“Never give in to the demands of Christ. Give in to the demands of your own love for him.” — Anthony De Mello, SJ
We would do anything for love. Those who have fallen in love know this. I’ve sworn it, because I’ve felt it. And though I don’t know that I’ve ever yet loved well enough for this to be entirely true, the essence of it is, for the simple fact that we are reckless in love, abandoned to it and abandoned to consequences. I’ve unashamedly made decisions and taken risks I wouldn’t have made had I not been in love—not all of them, I hope, selfish. Continue reading
I’m a complete novice to yoga, which is challenging because, like most people, I don’t like not being good at things. Worse still, it’s part of my goal as someone who lives in his head to better connect with my body—which I’m terrible at. I can’t study my way being more comfortable on the mat; I can’t brute-strength-train my way to feeling more embodied.
Much like making my beginning with spiritual direction, I find I have to adopt a posture that’s more teachable than determined, more attentive than sure and more playful than linear. Most of my life, I seek mastery; here, I practice, which includes practicing rest. Continue reading
As a young spiritual director in training, one of the common challenges I’ve encountered is finding and keeping directees. A practice I’ve inherited from my teachers is that I ask for an initial six-month commitment, which can become helpful when early conversations suddenly become challenging and uncomfortable, or when the outcomes are not immediately evident or satisfying, or when meetings become inconvenient to schedule. Still, for many reasons, not everyone is able to see that initial commitment through. In my last year and a half of training, sadly, several have simply dropped off the map. Only one directee has stayed with me to term—in fact, for almost a year. Continue reading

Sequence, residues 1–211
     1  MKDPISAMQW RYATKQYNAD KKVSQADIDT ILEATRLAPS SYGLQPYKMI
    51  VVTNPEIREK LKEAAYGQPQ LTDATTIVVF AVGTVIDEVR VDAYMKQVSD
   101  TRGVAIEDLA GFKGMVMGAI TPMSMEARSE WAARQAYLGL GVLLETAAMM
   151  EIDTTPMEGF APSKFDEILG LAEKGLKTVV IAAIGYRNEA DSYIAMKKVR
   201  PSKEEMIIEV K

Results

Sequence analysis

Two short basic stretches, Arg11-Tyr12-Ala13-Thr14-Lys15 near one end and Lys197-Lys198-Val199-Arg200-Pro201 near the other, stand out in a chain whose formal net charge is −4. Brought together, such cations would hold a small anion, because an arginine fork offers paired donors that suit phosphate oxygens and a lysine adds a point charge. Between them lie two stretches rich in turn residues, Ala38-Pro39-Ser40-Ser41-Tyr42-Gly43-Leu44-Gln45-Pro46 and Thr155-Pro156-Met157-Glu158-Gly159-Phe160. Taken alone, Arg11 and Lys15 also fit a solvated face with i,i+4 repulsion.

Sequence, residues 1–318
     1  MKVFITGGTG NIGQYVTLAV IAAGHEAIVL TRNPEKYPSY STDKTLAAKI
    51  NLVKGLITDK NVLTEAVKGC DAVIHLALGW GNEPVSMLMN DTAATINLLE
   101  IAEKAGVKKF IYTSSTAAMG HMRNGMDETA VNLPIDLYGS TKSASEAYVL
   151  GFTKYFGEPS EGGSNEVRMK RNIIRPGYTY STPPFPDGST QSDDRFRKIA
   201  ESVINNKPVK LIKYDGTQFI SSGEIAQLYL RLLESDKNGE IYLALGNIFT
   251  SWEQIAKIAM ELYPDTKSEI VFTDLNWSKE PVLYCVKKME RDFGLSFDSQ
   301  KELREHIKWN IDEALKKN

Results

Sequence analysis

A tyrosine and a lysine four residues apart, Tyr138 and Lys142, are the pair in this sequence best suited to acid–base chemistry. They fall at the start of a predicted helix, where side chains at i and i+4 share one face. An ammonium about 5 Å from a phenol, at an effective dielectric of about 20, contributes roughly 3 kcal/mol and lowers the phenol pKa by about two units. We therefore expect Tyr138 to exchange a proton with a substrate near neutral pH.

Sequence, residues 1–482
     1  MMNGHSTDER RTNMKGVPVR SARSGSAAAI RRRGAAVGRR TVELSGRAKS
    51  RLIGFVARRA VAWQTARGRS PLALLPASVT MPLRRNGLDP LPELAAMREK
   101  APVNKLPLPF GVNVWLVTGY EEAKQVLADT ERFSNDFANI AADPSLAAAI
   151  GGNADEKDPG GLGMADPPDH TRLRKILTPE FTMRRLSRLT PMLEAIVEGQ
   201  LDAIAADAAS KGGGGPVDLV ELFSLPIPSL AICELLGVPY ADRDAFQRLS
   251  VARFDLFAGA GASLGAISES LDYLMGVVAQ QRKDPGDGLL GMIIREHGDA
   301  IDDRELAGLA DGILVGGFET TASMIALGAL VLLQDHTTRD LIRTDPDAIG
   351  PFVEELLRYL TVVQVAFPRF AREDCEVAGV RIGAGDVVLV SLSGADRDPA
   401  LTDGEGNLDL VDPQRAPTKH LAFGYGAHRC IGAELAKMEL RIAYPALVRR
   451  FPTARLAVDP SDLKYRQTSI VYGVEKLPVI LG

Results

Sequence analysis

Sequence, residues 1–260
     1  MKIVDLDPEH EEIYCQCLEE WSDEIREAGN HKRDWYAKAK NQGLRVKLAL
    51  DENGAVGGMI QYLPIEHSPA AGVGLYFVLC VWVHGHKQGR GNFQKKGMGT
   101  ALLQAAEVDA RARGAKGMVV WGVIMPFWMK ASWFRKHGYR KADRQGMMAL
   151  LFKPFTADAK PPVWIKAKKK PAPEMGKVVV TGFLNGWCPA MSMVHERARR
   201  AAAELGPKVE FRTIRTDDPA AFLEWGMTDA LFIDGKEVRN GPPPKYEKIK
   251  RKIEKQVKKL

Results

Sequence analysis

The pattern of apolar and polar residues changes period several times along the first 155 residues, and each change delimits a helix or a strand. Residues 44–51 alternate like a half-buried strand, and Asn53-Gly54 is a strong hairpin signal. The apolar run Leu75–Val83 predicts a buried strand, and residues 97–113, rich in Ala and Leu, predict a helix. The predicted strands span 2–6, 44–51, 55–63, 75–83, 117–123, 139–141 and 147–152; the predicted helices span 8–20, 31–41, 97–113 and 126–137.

At the center of a wound, where we long to fill it with distraction, sensation, love, possession, whatever we have lost or lack and wish to find or recover, there is something. Yet because we are lonely or vulnerable or restless or pained, our attention is on the something that isn’t there. We spend lives looking to have things rather than not have them, to have rather than to lose: to feel complete, OK, unwanting, warm and secure. Some of us find it, fleetingly, at the end of a few glasses, or we stop thinking about it after we watch enough television, or as long as I can be held or know there is someone to hold me. We want something rather than nothing. Continue reading
Everything is dark, and in the darkness there is cold. If anyone is near you, you can’t see them. At the edge of the dark there is not a wall or a visible horizon; there is no door you can discern that might open and let you out or even pour light in, and if there were, you do not know where you might face to watch it, what direction you might go in to approach it and not go further from it, deeper into the thick, obscuring darkness. This is a very real experience in seasons of life, sometimes very long and apparently endless seasons. And it’s OK to experience it, to be in that darkness, to feel the breath of despair, to not know. Gød knows that it’s OK. At least, the Church believes this, or, at least, we indicate that we do by building into our peculiar way of marking time, by building into our own particular calendar, a season dedicated to acknowledging the presence of darkness in our lives and the perennial difficulty of hope. It is Advent. Continue reading